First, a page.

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Am J Vet Res. 2013 Feb;74(2):183-90. doi: 10.2460/ajvr.74.2.183.

Effects of inspired oxygen concentration on ventilation, ventilatory rhythm, and gas exchange in isoflurane-anesthetized horses.

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Department of Clinical Sciences, College of Veterinary Medicine, Kansas State University, Manhattan, KS 66506, USA.



To compare the effects of 2 fractions of inspired oxygen, 50% and > 95%, on ventilation, ventilatory rhythm, and gas exchange in isoflurane-anesthetized horses.


8 healthy adult horses.


In a crossover study design, horses were assigned to undergo each of 2 anesthetic sessions in random order, with 1 week separating the sessions. In each session, horses were sedated with xylazine hydrochloride (1.0 mg/kg, IV) and anesthesia was induced via IV administration of diazepam (0.05 mg/kg) and ketamine (2.2 mg/kg) Anesthesia was subsequently maintained with isoflurane in 50% or > 95% oxygen for 90 minutes. Measurements obtained during anesthesia included inspiratory and expiratory peak flow and duration, tidal volume, respiratory frequency, end-tidal CO(2) concentration, mixed expired partial pressures of CO(2) and O(2), PaO(2), PaCO(2), blood pH, arterial O(2) saturation, heart rate, and arterial blood pressure. Calculated values included the alveolar partial pressure of oxygen, alveolar-to-arterial oxygen tension gradient (PaO(2) - PaO(2)), rate of change of PAO(2) - PaO(2), and physiologic dead space ratio. Ventilatory rhythm, based on respiratory rate and duration of apnea, was continuously observed and recorded.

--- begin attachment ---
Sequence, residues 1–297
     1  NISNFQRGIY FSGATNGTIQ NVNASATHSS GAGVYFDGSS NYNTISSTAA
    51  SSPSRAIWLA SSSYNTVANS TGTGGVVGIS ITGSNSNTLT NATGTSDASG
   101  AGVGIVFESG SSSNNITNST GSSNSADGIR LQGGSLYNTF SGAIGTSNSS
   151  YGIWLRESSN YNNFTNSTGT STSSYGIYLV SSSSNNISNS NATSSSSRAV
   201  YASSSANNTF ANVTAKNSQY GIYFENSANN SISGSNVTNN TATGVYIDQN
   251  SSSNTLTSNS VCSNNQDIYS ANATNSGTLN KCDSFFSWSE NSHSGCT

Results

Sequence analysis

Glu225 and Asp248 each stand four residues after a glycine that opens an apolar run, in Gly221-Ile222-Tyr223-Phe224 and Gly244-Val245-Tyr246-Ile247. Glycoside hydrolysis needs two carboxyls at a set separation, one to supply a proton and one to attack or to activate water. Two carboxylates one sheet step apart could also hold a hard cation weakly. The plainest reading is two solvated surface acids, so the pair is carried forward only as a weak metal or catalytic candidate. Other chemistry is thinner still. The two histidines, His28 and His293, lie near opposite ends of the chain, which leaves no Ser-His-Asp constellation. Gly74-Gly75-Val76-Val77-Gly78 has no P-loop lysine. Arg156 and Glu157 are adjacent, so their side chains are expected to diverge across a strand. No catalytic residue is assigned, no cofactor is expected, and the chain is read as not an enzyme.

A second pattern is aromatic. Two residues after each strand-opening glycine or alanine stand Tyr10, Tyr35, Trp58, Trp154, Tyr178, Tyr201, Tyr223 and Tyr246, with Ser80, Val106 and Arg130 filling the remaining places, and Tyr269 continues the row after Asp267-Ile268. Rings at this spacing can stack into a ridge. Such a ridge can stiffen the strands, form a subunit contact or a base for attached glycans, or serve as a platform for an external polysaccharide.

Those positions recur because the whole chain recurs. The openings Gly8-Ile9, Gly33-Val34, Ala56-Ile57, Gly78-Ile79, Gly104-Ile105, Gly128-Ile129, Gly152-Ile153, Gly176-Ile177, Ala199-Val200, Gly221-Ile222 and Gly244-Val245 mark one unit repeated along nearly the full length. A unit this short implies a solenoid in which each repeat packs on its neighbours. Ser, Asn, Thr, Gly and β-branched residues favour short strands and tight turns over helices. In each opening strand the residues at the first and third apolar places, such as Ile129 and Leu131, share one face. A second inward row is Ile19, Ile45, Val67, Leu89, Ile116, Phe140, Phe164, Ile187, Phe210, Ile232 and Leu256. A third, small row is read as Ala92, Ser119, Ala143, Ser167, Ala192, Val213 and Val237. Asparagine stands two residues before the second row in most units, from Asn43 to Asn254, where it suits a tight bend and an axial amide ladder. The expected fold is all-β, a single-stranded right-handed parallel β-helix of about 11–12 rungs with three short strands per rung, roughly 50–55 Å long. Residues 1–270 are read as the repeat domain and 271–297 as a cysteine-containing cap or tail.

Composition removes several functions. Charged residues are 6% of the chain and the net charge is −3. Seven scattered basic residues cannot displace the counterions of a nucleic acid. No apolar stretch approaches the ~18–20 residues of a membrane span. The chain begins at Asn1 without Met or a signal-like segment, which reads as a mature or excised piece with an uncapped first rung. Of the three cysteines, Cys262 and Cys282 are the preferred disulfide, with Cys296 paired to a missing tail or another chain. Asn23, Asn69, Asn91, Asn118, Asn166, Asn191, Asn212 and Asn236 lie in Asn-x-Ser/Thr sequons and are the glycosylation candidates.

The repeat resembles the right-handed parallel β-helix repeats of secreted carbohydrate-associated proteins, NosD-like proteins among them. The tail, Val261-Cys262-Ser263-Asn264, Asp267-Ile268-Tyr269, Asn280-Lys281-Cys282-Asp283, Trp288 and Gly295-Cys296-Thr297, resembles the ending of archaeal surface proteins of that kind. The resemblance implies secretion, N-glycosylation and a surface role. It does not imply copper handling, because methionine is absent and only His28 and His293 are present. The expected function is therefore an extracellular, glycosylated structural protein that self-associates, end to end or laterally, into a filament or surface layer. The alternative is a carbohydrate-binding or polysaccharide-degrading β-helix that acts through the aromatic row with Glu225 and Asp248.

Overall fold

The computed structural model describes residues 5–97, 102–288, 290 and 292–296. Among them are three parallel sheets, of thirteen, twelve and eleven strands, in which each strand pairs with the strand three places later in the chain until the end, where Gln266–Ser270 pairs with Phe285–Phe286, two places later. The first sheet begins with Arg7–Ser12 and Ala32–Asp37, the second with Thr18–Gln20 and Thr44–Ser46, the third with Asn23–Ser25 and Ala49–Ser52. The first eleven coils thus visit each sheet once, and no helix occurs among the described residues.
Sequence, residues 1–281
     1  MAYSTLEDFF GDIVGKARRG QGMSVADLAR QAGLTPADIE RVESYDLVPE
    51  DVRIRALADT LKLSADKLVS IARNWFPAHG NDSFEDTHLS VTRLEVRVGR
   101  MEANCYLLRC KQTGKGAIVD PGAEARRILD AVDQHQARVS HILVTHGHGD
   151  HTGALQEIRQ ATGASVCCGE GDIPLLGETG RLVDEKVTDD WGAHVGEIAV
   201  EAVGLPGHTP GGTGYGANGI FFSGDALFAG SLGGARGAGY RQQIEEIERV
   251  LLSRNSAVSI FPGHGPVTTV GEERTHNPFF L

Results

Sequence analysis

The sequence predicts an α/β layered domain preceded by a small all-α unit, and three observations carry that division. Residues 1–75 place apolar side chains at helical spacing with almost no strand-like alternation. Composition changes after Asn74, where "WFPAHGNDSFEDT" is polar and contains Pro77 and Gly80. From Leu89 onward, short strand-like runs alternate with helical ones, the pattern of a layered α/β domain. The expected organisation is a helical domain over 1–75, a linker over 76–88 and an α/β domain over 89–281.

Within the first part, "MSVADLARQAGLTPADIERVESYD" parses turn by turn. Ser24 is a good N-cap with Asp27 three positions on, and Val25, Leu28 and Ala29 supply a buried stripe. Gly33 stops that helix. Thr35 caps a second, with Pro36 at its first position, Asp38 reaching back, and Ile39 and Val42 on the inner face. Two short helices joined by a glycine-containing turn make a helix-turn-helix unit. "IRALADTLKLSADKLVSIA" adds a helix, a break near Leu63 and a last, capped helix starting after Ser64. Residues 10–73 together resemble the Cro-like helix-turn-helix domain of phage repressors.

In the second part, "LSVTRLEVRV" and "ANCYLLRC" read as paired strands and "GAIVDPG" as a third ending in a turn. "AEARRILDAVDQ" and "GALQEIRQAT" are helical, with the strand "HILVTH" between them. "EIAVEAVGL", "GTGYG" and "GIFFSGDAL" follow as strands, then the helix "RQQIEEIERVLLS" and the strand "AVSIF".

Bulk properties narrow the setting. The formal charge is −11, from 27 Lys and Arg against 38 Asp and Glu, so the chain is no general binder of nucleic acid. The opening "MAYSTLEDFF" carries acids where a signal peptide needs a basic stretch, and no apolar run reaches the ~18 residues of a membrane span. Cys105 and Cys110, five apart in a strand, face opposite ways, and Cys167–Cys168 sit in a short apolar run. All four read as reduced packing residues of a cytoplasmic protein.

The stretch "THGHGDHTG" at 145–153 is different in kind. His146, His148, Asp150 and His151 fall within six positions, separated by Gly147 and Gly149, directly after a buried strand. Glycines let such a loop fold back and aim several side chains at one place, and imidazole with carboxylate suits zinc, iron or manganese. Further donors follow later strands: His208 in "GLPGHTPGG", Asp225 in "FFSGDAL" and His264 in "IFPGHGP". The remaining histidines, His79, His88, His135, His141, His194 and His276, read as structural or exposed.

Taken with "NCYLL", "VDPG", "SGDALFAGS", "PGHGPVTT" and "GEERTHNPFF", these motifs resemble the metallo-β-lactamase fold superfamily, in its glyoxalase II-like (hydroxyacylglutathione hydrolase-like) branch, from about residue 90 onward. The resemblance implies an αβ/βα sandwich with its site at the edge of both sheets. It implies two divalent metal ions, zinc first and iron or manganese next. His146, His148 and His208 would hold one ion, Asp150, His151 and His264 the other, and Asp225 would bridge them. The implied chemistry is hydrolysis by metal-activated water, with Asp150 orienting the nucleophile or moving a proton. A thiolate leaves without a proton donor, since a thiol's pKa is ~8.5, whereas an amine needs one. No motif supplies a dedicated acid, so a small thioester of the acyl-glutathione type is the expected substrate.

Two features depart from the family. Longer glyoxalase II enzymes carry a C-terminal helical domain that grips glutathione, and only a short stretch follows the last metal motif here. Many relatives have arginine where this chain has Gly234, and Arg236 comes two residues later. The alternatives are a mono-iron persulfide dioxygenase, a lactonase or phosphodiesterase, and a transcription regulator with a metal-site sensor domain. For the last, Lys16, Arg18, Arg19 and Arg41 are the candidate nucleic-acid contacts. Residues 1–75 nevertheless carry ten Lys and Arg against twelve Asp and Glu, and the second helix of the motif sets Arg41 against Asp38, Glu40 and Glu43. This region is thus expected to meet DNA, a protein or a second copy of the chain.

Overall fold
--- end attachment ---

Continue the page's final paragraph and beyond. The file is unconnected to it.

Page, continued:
Use of the lower inspired oxygen fraction of 50% resulted in a lower arterial oxygen saturation and PaO(2) than did use of the higher fraction. No significant difference in PaCO(2), rate of change of PAO(2) - PaO(2), ventilatory rhythm, or other measured variables was observed between the 2 sessions.


Use of 50% inspired oxygen did not improve the ventilatory rhythm or gas exchange and increased the risk of hypoxemia in spontaneously breathing horses during isoflurane anesthesia. Use of both inspired oxygen fractions requires adequate monitoring and the capacity for mechanical ventilation.

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